Wednesday, 22 December 2010

Figgy pudding's off, old chap

Christmas greetings from . . .

. . . J and C

The best-laid plans . . . we had intended to wish you a merry Christmas and base our greetings on the sense of joy and quiet achievement surrounding Christopher's mother's 100th birthday, but the snow, deep and crisp and even, prevented us getting any nearer her home in the north of Scotland to celebrate with her than Luton airport.

So in the absence of any centenarian input here's a poem by Siegfried Sassoon:

Everyone suddenly burst out singing;
And I was filled with such delight
As prisoned birds must find in freedom,
Winging wildly across the white
Orchards and dark-green fields; on--on--and out of sight.

Everyone's voice was suddenly lifted;
And beauty came like the setting sun:
My heart was shaken with tears; and horror
Drifted away ... O, but Everyone
Was a bird; and the song was wordless; the singing will never be done.

Clearly Sassoon had the event below in mind when he wrote this. Sound on, do please watch it through to the end, even if you've seen it before.

Meanwhile, a Christmas lucky dip into our 2010 doings brings up:

Hush, do not wake the infant William, born to Fiona and James on August 28th, a brother for Eliza, and apparently destined to become a night-club bouncer


First performance by C.'s choir Les Jeudistes and the Thalia Quartet (the photo was actually taken at the second performance, in what was once a lowly cattle-shed attached to local château) of C.'s cantata L'Imitation de Notre-Dame la Lune. Dedicatee of this work, head tenor Jean-Claude, in centre, hawk-like in his attention to the conductor.


We welcomed Ad Hoc Voices, a small choir (standing around all in white) based in Sevenoaks, paying us a return visit after our World Tour of Kent and Sussex in 2008. Which leads us to next year's adventure: Les Jeudistes' World Tour of Ross-shire, Nairnshire and Inverness-shire in early May.

Yes, we do all kinds of other things than rejoice with heart and soul and voice about choir events and the arrival of grandchildren, but a lot of energy is devoted to spending time with J.'s mother, in a wonderful retirement home that we're tempted to put our names down for, and with C.'s mother (ditto) in far-flung Scotland. Entre deux mers, as you might say. Ho ho ho.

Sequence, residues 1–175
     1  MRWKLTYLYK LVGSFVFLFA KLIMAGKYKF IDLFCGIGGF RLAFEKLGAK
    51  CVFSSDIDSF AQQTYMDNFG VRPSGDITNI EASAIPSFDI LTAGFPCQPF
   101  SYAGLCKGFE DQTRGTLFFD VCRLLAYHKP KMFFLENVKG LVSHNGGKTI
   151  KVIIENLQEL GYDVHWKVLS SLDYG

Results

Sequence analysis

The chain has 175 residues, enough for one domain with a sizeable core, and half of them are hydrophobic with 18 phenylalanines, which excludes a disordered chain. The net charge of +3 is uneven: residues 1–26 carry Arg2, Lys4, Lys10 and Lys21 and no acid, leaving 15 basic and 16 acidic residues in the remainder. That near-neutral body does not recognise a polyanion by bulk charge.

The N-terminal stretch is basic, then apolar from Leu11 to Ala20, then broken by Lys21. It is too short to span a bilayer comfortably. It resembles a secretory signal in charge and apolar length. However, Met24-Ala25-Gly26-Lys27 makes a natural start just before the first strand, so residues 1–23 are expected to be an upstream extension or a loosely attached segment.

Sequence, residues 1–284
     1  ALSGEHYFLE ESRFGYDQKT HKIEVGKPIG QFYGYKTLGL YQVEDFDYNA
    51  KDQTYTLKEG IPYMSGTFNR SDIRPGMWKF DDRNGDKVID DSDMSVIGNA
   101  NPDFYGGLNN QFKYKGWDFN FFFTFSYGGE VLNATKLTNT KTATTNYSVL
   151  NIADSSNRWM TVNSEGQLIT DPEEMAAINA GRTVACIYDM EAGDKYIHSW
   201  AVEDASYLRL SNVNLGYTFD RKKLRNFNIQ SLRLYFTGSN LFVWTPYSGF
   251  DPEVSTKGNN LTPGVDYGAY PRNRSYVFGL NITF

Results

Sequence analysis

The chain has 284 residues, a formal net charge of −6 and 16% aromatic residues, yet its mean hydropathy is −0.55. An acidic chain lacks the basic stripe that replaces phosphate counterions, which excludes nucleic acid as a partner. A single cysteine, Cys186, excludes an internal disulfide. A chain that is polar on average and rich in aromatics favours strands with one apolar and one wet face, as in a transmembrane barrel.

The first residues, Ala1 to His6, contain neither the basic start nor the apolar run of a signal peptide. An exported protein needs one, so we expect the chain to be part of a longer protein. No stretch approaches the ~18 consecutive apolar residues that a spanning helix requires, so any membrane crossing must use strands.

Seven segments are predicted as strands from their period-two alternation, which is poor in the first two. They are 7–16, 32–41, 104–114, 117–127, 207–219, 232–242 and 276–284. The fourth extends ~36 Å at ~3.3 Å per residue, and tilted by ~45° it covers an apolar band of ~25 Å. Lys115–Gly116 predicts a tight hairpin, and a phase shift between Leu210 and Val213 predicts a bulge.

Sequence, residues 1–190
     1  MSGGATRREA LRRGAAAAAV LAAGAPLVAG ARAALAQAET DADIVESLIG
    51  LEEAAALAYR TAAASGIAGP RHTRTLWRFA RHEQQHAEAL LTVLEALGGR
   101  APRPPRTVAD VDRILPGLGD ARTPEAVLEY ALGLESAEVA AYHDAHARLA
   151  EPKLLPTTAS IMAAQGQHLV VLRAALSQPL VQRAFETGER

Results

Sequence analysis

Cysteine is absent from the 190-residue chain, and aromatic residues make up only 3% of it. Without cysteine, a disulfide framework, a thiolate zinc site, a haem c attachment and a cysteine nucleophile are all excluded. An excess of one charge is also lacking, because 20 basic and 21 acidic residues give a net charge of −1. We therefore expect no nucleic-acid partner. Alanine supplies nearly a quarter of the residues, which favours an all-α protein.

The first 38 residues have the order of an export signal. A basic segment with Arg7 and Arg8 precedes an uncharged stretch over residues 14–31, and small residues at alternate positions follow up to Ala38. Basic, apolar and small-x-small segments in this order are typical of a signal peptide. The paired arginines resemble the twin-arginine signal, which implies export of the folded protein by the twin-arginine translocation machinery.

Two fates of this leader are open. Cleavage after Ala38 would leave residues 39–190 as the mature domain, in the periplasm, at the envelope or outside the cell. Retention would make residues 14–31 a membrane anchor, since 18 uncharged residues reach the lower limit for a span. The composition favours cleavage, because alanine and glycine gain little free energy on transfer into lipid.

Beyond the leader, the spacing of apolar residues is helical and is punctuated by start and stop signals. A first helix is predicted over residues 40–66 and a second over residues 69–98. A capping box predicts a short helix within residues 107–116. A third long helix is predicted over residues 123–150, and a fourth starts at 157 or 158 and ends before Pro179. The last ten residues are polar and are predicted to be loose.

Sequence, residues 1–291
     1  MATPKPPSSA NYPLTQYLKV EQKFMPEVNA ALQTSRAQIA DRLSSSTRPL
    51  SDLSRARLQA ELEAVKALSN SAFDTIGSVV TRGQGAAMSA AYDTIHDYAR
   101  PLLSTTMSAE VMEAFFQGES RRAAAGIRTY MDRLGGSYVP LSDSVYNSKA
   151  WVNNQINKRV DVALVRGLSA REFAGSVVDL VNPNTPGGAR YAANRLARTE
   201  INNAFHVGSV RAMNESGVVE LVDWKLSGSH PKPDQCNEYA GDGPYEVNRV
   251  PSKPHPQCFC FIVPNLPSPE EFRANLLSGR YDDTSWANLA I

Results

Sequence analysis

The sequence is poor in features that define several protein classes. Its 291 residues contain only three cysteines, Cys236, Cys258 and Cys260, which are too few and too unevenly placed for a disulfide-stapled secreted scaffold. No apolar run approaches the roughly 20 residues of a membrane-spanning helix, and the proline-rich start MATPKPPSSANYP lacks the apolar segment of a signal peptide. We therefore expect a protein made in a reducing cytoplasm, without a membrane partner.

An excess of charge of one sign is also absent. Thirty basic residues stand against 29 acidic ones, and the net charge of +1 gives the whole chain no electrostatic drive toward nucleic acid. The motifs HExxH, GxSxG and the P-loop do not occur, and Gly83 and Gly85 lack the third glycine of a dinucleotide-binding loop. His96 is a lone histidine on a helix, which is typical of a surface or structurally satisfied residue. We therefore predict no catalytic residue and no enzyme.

Happy Christmas! Joyeux Noël !

Happy New Year! Bonne Année 2011 !

See our village amid the winter snow . . . we expect you've picked up all the quotes from and references to Christmas carols gathered all above. No prizes except an extra large helping of figgy pudding with all the trimmings if you get all 8. Go on, have a go.


Dave said...

I feel I ought to step aside, as the professional in what is, surely, a contest for amateurs.

Merry Christmas.

Charlene said...

Well I've certainly heard about all the snow ya'all have been subjected to across the pond. I am so sorry. We've had some here with ice; always an added curse. As to figgy pudding, the closest I've had to that is persimmon pudding. My mother loved that stuff and we had our own persimmon tree and we made extra money picking up those things and making seedless pulp in Mason jars to sell to the neightbors.

I hope your snow soon melts and does not return this year.

Merry Christmas!

Rog said...

Lowly Cattle Shed! I win!
You should have called the Happy Thursdays "Les Mahagow" or "Les Mckewan" for a Scottish reference.
I'm awaiting Grandchild no 7 in the next 24 hours so am singing from the same crib sheet.
Happy Christmas!

Christopher said...

Very kind of you, Dave, to give Rog a leg-up.

Charlene: Hi. Actually I'm not certain that anyone knows exactly what figgy pudding is. Whatever it is, it couldn't possibly be sweeter than persimmon pud.

Rog: Yes, thanks to Dave you win a small dollop of figgy pudding for the first with the lowest score, but in your present state of grandpaternal expectation a certain tolerance has to be exercised.

You mean the same Christmas crib sheet? Ho ho.

Dave said...

I did get all 8, by the way.

Rog said...

Dave's got all 8 and made them into a 36 letter word to cover 2 triples.

Dave said...

Roger loves playing Scrabble with me.

Christopher said...

Dave: No one could expect more of you.

Rog: I'm afraid I had to disqualify 'Zing, quires of angelz'. You're still in with a chance.

Dave: If you wish to communicate privately with me about this, please don't hesitate.

Rosie said...

Happy Christmas. Your village is amazing.

Christopher said...

Happy Christmas, Rosie. It is indeed.

(Amazing dirt, too, but we don't mention this)

letouttoplay said...

Oddly enough, one of those was the answer to a question on 'Who wants to be a millionaire' last night. the lucky phone caller who answered it received £37,000.
This is much more challenging.
I love those flash mob events.

letouttoplay said...

And a Happy Christmas to you and yours :)

Spadoman said...

Buon Natale Christopher, and all you hold dear. You have been a kind visitor to my space here in cyberlandia and i appreciate it greatly.

Peace to all

Christopher said...

Thank you, Mig. And to you and yours too. I expect the lucky caller was Dave. He's been rehearsing here.

Thank you, Spadoman, man of good will. There's always a chair with your name on it here, by the fireside with something good in a glass at your elbow.